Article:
Tuesday, 26 February 2019

1973 is the new black

Richard Harman's Politik newsletter is one of my few daily NZ must-reads. 

He's unlocked today's headline piece.

You should read it and subscribe.
New Zealand's top trade official is flying to Britain to be there when Britain proposes to leave the EU on March 29 to deal with any threats to New Zealand’s lamb exports.

In recent weeks British farmers and a key Cabinet Minister have called for massive tariffs to be placed on New Zealand lamb.

POLITIK understands that the Ministry of Foreign Affairs and Trade is so concerned about the threats that it wants its Deputy Secretary, Trade and Economic, Vangelis Vitalis, on the ground in London as Britain quits the EU.
Two years ago we were imagining opportunities for a UK-NZ free trade deal. Michael Gove pretended to be somebody who liked free trade, and that the EU was holding a free-trading Britain back.

NZ lamb currently enters the EU under a tariff-free quota: imports up to the quota are without tariff. The EU and UK are looking at ways of splitting up their shares of that quota. But:
But Gove, speaking six days ago at the British National Farmers’ Union conference said:” One thing I can reassure you is that it will not be the case that we will have zero rate tariffs on food products. There will be protections for sensitive sections of agriculture and food production.

“You (farmers) have argued that we need tariffs on sheep meat, beef, poultry, dairy, both milk and cheese; and pig meat in order to safeguard domestic production,” he said.

“Your concerns have been heard, and an announcement on new UK tariffs in a no-deal scenario - with specific and robust protections for farming - will be made shortly.”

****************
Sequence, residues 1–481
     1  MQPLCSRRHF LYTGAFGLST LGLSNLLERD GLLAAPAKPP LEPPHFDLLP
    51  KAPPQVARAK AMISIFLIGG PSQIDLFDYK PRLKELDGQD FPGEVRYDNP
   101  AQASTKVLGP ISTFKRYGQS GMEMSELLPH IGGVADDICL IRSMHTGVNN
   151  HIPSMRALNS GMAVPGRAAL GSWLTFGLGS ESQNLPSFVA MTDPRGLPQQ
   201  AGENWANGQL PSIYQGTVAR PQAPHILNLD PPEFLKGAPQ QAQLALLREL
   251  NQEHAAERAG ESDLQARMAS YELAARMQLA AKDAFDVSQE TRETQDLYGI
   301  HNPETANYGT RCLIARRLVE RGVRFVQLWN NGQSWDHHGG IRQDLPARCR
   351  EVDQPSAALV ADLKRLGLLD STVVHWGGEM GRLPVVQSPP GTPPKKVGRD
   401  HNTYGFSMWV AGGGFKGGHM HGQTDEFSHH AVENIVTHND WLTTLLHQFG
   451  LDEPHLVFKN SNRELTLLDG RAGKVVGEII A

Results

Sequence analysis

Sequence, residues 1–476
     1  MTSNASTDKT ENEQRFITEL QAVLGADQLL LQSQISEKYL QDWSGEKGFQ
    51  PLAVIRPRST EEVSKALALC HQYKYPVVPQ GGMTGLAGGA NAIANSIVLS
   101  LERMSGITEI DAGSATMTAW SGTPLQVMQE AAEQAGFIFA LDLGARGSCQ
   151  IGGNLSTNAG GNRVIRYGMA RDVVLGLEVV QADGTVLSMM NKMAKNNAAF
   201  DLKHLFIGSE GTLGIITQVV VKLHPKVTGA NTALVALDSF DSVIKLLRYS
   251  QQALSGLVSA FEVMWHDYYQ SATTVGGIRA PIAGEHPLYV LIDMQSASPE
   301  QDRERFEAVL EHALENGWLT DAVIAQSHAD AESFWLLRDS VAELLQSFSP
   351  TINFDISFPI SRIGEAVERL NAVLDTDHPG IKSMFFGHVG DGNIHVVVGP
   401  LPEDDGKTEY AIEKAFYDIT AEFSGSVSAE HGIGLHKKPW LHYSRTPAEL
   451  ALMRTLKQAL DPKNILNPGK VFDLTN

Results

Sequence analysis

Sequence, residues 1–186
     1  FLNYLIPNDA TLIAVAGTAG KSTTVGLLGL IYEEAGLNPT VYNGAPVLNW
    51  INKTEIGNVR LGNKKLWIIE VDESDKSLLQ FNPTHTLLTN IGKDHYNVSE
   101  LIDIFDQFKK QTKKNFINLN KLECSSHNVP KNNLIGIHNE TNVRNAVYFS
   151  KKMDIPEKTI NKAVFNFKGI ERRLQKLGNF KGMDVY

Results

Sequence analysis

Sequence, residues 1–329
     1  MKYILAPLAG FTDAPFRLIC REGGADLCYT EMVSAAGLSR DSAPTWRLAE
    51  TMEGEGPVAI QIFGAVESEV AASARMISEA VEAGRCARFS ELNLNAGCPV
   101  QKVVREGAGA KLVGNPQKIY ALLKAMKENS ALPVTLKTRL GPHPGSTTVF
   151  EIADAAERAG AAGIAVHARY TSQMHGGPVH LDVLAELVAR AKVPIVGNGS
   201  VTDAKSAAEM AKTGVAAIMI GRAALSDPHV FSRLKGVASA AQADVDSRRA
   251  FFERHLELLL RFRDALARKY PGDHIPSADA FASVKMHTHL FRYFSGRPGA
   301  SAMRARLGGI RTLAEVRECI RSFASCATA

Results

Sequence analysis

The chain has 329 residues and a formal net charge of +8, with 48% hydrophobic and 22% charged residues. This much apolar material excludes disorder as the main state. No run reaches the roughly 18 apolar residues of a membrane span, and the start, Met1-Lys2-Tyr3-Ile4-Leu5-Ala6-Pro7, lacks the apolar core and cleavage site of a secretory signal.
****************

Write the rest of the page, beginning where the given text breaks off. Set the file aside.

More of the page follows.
Hopefully Gove's misspoken here and there won't be an end to tariff-free access to the UK.

Good thing New Zealand has pursued a very broad free trading agenda, including the Trans-Pacific Trade Agreement and the China-NZ FTA. Just in case NZ winds up getting the shaft - again - instead of a NZ-UK FTA.

Here's Gove's full speech of 19 February. It does not include the line saying there will be no zero-rate imports. But the BBC's coverage included it:
Many supporters of Brexit argue that tariffs on food and other items should be scrapped in order to lower prices for consumers. But farmers fear that cheap imports and lower standards would destroy many parts of British agriculture.

"Your concerns have absolutely been heard," Mr Gove told a conference of the National Farmers' Union (NFU). "It will not be the case that we will have zero-rate tariffs on food products.

"There will be protections for sensitive sections of agriculture and food production."

He added that an announcement on a no-deal tariff schedule "should be made later this week".
1973 was a betrayal. I hope Gove was misquoted or misspoke here. Pulling this stunt, after NZ sent negotiators to help the UK, and after May provided NZ with assurances about trade continuity...

Let's all wish Vangelis the best of luck. In a better world, he'd be heading there to negotiate the expansion of the NZ-Australia free trade and free migration area to include the UK and Canada. Not to beg that NZ be able to continue lamb exports.

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